Tag Archives: Benjamin Disraeli

Sir Robert Peel and the modern Conservative party

Today (5 Feb) marks the birthday of Sir Robert Peel (1788-1850), the 19th century prime minister traditionally credited with founding the modern Conservative party. Peel is also subject of a new BBC ‘Prime Properties’ episode – click here to view … Continue reading

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The University of London, representation and the 1867 Reform Act

Last week, as part of UK Parliament Week, we held a special event with the University of London to mark the 150th anniversary of the university returning its first MP to parliament. At the 1868 general election all University of … Continue reading

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Imagery and props: the Wellington boot, Disraeli’s novels and Gladstone’s axe

Our research fellow Dr. Martin Spychal shares some insights from his work on the BBC Radio 4 series, Prime Ministers’ Props… I’ve recently been working with our former editorial board member, Professor Sir David Cannadine on the second series of … Continue reading

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Tackling electoral corruption: how Victorian Britain reformed the trial of election petitions in 1868

Originally posted on The History of Parliament:
Today marks the 150th anniversary of the passing of the Election Petitions and Corrupt Practices at Elections Act, an important part of the electoral reforms which had begun with the Second Reform Act of…

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The 1868 Boundary Act: Disraeli’s attempt to control his ‘leap in the dark’?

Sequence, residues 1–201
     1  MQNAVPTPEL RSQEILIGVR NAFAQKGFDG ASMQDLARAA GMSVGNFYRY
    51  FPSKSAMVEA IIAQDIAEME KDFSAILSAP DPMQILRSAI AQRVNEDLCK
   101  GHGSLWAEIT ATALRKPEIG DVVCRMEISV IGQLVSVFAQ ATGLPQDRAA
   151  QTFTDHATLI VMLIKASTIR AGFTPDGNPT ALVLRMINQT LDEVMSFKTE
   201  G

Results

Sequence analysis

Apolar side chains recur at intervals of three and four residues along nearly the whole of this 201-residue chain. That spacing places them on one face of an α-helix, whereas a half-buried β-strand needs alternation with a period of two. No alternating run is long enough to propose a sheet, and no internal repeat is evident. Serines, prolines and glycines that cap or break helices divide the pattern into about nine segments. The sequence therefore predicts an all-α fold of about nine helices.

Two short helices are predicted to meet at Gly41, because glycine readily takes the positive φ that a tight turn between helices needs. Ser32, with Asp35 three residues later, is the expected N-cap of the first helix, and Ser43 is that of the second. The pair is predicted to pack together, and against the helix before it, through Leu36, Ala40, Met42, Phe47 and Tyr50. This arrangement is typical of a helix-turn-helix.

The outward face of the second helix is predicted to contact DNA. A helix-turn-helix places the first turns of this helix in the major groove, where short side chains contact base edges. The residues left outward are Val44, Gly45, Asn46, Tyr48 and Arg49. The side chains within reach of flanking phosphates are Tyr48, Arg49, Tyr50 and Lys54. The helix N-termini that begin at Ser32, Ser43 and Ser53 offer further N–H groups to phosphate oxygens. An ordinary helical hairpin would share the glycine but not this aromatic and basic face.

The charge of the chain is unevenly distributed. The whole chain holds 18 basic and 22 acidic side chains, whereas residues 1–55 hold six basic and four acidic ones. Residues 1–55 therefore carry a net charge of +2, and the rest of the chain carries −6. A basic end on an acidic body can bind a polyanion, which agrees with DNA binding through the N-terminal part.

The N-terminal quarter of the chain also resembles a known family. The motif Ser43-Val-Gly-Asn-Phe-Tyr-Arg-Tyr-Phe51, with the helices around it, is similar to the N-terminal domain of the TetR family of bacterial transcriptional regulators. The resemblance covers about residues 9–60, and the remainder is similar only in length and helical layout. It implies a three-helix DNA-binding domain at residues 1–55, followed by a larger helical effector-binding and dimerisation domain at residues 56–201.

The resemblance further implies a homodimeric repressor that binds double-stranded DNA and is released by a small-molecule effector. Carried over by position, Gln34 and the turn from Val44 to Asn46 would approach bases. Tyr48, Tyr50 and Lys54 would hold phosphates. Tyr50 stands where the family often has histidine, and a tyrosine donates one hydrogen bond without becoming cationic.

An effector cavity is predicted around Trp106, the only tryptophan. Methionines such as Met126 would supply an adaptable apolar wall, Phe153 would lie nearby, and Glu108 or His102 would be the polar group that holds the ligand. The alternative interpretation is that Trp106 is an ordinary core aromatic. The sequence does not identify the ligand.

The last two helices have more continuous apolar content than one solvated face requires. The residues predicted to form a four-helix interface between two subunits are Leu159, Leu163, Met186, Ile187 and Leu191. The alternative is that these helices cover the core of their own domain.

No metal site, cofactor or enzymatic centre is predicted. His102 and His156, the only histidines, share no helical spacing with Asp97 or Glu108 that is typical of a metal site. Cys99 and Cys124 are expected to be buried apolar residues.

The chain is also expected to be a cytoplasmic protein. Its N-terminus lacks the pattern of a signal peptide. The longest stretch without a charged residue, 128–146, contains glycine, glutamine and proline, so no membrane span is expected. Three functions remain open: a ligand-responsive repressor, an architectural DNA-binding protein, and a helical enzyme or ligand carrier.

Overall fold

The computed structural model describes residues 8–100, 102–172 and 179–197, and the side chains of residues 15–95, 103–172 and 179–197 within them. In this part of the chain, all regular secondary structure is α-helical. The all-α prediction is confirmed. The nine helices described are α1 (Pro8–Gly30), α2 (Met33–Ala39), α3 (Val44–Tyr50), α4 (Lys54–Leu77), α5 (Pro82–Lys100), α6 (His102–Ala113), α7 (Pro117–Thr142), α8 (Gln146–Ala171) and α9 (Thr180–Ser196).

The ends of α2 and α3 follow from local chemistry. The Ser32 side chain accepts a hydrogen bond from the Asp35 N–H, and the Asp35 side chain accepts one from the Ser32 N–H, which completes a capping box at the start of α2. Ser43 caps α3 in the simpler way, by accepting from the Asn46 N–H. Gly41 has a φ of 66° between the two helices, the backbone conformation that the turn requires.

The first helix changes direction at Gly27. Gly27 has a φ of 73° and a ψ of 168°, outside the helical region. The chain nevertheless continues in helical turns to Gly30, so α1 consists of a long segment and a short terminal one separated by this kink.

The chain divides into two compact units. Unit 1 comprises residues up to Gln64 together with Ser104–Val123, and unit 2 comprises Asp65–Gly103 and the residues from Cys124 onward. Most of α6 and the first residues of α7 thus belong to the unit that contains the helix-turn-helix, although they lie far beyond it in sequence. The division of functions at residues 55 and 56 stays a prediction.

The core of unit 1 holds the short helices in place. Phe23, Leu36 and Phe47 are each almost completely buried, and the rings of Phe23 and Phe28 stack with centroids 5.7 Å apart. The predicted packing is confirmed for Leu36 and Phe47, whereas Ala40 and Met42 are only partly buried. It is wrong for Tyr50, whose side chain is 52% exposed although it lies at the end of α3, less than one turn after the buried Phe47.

Originally posted on The History of Parliament:
This year marks the 150th anniversary of the 1868 Boundary Act. As Martin Spychal of the Commons 1832-68 Section discusses in today’s blog, the oft-neglected story of the Act provides several key insights…

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From draper’s apprentice to attorney-general: Sir John Rolt and the 1867 Reform Act

With this year marking the 150th anniversary of the passing of the Second Reform Act, our MP of the Month is one of the lesser known architects of this measure, the attorney-general, Sir John Rolt, who, as one contemporary noted, … Continue reading

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MP of the Month: John Tomlinson Hibbert (1824-1908)

This month marks the 150th anniversary of the passing of the 1867 Reform Act. Introduced by Benjamin Disraeli and Lord Derby’s Conservative government, it added around a million voters to the register, primarily in borough constituencies. This greatly exceeded the … Continue reading

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